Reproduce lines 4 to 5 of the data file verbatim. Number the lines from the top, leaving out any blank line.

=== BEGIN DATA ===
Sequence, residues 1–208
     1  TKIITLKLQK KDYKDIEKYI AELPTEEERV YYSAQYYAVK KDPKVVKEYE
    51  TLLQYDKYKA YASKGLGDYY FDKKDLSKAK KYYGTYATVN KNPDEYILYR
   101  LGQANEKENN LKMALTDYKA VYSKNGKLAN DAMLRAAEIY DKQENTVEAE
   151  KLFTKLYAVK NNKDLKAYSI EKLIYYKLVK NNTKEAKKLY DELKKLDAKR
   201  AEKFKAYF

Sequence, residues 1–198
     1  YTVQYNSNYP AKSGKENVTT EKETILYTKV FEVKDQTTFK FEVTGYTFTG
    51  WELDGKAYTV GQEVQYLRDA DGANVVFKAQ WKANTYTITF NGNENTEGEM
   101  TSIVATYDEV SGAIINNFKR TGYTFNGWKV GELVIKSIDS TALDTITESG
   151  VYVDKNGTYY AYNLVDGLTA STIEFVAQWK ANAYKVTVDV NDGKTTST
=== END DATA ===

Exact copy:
   101  LGQANEKENN LKMALTDYKA VYSKNGKLAN DAMLRAAEIY DKQENTVEAE
   151  KLFTKLYAVK NNKDLKAYSI EKLIYYKLVK NNTKEAKKLY DELKKLDAKR